Although D.C.’s Chinatown is small and continues to shrink every year, no one can say our Chinese New Year celebration doesn’t rock.

Thousands don puffy coats and knit caps every year and flood into the Gallery Place/Chinatown Metro stop looking to secure prime parade viewing spots along 7th and 8th streets.

This year — 4716 — is the Year of the Dog. (Of course, here in America, every year is the year of the dog.)

Put on by the Chinese Consolidated Benevolent Association, this year’s parade will kick off at 2 p.m. Sunday, Feb. 18. The lineup will include marching bands, Kung Fu demonstrations, beauty pageant winners and everyone’s favorite — lion and dragon dances.

You may be familiar with the colorful lions and dragons — often red and yellow and bearing fur, teeth and penetrating eyes — but you may ask yourself, how can I tell if it is a lion or a dragon?

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According to, the secret is in the number of dancers. A lion is generally operated by two dancers — one for the head and one for the tail. But a dragon is much longer. The dance is more difficult and is comprised of a larger team, each member holding its portion aloft on a stick.

Some lion dances include spectators “feeding” greens such as lettuce to the lion in order to secure good fortune.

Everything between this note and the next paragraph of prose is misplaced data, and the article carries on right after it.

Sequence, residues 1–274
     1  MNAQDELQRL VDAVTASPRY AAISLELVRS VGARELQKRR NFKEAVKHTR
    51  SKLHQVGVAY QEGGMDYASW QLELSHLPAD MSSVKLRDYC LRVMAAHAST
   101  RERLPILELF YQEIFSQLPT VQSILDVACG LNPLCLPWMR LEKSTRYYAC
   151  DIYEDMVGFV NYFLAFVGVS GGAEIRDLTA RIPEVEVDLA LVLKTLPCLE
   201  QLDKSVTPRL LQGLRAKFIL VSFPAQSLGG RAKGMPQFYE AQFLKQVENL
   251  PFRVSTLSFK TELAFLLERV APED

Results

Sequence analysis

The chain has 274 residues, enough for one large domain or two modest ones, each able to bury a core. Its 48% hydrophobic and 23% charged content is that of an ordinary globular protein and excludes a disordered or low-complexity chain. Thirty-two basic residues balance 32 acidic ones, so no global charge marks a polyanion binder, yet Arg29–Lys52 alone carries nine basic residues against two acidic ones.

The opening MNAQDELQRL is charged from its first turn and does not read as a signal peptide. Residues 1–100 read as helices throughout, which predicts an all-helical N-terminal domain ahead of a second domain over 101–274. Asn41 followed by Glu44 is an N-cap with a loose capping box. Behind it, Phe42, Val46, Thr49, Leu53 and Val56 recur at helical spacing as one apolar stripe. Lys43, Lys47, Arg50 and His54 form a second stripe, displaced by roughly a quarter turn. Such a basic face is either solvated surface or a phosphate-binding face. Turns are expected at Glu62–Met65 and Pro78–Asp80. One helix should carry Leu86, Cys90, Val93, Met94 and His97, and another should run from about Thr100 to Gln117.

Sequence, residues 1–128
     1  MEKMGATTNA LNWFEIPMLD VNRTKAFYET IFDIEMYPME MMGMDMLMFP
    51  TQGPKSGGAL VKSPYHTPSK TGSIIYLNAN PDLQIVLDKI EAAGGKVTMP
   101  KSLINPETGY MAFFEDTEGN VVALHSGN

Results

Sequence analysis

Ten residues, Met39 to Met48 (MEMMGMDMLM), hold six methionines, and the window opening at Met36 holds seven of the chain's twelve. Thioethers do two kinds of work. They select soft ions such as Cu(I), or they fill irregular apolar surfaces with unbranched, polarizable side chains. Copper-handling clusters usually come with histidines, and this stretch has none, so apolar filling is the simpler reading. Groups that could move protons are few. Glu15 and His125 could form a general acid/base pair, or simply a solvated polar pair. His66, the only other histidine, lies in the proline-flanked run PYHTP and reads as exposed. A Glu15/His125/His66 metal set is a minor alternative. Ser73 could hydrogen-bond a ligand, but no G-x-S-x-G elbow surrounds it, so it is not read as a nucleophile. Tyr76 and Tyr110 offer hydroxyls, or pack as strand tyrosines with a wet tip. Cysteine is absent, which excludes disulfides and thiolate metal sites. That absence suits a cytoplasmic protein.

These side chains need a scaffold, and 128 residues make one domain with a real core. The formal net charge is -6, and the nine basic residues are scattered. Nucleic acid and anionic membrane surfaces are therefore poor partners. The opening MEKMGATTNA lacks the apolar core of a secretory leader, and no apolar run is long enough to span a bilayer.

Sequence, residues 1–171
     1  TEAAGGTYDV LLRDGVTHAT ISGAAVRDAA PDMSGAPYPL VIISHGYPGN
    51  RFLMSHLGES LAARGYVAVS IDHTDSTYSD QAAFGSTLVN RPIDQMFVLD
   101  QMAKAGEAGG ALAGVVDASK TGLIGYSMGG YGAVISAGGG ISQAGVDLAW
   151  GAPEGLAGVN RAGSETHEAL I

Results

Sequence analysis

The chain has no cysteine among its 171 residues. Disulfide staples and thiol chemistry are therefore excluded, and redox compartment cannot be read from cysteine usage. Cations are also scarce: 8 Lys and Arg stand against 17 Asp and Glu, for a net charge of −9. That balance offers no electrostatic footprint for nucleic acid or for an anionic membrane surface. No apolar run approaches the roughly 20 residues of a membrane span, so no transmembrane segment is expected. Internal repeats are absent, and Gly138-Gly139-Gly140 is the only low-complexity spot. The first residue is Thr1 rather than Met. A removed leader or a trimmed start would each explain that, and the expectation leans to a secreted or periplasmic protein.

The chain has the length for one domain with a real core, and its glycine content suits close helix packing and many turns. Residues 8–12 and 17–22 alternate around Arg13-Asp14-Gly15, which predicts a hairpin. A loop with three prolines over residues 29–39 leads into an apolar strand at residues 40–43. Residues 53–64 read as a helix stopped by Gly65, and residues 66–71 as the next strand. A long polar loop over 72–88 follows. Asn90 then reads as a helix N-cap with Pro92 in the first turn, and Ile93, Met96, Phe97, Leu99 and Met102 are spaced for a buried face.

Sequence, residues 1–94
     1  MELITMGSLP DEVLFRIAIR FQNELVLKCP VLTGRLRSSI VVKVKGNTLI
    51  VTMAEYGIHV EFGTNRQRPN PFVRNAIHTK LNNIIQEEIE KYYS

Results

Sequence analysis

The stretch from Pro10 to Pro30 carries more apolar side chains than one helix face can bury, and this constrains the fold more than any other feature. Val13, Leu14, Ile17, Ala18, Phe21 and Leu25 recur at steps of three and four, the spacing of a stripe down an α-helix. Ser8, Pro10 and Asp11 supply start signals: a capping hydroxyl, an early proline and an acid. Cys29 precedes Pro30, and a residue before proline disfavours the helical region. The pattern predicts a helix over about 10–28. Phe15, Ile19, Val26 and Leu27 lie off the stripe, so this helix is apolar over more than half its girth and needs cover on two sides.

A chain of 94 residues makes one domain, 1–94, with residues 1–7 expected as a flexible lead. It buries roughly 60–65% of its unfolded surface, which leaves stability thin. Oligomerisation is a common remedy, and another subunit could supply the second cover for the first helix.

Chinese tradition dictates giving children red envelopes with money to mark the coming of the new year. According to, anyone who is not working and not married qualifies for a red envelope, so all those boomerang kids living in basements across the U.S. may expect some beer money to mark the occasion.

The parade — about 50 minutes long — starts at 6th and I, NW, and winds around for seven blocks, ending at 6th and H. The celebration culminates in the lighting of firecrackers, which is scheduled to start between 3:45 and 4 p.m.

Other local Chinese New Year events include:

  • The Smithsonian American Art Museum, 8th and F streets, NW, is hosting a Chinese New Year Festival from 11:30 a.m. to 3 p.m. Saturday, Feb. 10, featuring a lion-awakening ceremony, music, dancing and acrobatics. Special activities for children include paper cutting, a scavenger hunt, lantern-making and panda crafts.
  • The Kennedy Center, 2700 F St., NW, is holding a Lunar New Year Celebration Thursday, Feb. 15, through Saturday, Feb. 17. The Chengdu Puppets take the stage at 6 p.m. Thursday, singing, dancing and performing acrobatics. Following at 8 p.m. the Shenzhen Symphony Orchestra, Tan Dun, conductor, plays music by Stravinsky, Guan Xia and Dun. Scheduled for 6 p.m. Friday is Chengdu’s traditional folk music, featuring bamboo flutes, and at 9 a.m. Saturday is Chinese New Year Family Day. This free event allows children to dress up in traditional Chinese costumes, make paper crafts, try their hand at calligraphy or painting, watch dancers and acrobats, and explore the Chinese zodiac symbols and their meanings. The festival culminates with a 6 p.m. performance of the Sichuan Opera.

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